Policy paper

HM Treasury: the prudential regulation of the Equitable Life Assurance Society January 2009

This publication was published under the 2005 to 2010 Labour government

This document contains the following information: The prudential regulation of the Equitable Life Assurance Society: the Government's response to the report of the Parliamentary Ombudsman's investigation

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The prudential regulation of the Equitable Life Assurance Society: the Government's response to the report of the Parliamentary Ombudsman's investigation - Full Text

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In response to the Parliamentary and Health Service Ombudsman’s investigation ‘Equitable Life: a decade of regulatory failure’ (HC 815, 4th report session 2007-08, ISBN 9780102957303), the Government accepts that maladministration occurred and that, in some cases, this caused an injustice to some policyholders. The Government apologies to Equitable Life policyholders and will take action to establish a fair ex gratia payment scheme for those policyholders who have suffered a disproportionate impact as a result of the relevant maladministration, although it does not accept that it would be appropriate to provide compensation in the form suggested by the Ombudsman. Sir John Chadwick has been invited to advise the Government on the matters relevant to disproportionate impact suffered by current and former Equitable Life policyholders. The Ombudsman’s investigation did not consider the actions of Equitable Life but such matters are relevant to the design of the payment scheme, especially as Lord Penrose’s report (HC 290, session 2003-04, ISBN 9780102926880) found that Equitable Life was principally the author of its own misfortunes. Sir John will advise on an appropriate apportionment of losses between the public bodies investigated by the Ombudsman and the actions of Equitable Life and other parties.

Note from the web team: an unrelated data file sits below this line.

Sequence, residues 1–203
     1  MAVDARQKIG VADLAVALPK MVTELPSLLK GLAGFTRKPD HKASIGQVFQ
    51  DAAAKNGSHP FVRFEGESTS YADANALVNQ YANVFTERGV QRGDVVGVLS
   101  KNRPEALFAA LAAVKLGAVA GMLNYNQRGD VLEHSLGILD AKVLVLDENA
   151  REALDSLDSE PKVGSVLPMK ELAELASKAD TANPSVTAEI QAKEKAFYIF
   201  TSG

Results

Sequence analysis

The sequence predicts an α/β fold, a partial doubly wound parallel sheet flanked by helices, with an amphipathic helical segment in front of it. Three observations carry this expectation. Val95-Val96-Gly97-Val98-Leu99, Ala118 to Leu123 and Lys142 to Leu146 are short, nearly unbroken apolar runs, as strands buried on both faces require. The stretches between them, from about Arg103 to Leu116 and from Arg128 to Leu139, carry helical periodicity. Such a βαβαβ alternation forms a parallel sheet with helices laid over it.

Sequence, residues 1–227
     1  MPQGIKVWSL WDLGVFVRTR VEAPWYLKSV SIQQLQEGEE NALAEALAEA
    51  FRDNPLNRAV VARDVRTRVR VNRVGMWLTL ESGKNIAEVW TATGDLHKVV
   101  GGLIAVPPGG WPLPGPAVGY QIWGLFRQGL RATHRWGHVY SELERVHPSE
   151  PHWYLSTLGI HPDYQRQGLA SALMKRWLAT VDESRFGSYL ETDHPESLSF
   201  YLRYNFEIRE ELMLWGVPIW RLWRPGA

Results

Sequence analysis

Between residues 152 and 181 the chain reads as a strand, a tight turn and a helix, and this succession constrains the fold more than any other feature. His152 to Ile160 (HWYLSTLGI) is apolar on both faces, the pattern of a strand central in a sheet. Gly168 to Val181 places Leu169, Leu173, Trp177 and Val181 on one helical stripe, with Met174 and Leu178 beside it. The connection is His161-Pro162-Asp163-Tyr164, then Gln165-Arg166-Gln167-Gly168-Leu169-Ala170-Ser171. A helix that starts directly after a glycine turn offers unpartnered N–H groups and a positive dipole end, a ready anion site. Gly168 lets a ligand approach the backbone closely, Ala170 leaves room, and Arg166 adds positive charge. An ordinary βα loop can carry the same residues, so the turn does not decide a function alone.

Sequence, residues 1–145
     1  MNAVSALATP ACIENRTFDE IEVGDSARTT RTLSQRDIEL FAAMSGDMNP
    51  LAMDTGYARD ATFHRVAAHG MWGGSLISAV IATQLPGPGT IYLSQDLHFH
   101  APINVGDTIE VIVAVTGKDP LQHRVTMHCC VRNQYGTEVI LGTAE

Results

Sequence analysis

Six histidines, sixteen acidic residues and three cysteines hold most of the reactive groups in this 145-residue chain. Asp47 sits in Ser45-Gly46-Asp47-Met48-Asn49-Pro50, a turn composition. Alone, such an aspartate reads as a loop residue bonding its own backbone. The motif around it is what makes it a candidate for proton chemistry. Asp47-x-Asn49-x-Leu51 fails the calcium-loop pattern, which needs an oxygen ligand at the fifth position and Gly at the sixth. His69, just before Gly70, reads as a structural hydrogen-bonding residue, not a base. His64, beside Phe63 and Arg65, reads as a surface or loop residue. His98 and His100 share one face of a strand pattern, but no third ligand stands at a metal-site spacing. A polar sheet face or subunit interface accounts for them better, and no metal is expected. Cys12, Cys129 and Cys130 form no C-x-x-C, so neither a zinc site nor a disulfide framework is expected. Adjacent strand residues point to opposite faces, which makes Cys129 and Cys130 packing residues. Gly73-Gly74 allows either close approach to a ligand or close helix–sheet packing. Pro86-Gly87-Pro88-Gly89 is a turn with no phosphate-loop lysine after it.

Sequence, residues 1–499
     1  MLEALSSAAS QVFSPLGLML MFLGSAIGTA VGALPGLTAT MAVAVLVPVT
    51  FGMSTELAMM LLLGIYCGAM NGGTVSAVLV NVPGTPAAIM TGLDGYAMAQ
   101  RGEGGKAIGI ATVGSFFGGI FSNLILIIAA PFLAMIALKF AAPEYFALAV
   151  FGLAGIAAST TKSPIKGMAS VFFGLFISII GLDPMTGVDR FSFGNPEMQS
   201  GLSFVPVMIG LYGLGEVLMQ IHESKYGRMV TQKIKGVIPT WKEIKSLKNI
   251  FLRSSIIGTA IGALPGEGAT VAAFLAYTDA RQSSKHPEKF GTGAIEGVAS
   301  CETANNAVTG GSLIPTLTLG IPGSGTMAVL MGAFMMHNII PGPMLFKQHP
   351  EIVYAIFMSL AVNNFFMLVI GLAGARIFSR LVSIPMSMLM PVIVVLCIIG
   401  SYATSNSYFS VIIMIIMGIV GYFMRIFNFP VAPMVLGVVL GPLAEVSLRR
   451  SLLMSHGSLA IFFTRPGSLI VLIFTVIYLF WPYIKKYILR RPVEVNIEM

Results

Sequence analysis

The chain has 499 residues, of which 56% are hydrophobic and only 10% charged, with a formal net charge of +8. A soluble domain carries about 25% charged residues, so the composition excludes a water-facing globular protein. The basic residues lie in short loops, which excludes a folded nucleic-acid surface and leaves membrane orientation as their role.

This Command Paper was laid before Parliament by a Government Minister by Command of Her Majesty. Command Papers are considered by the Government to be of interest to Parliament but are not required to be presented by legislation.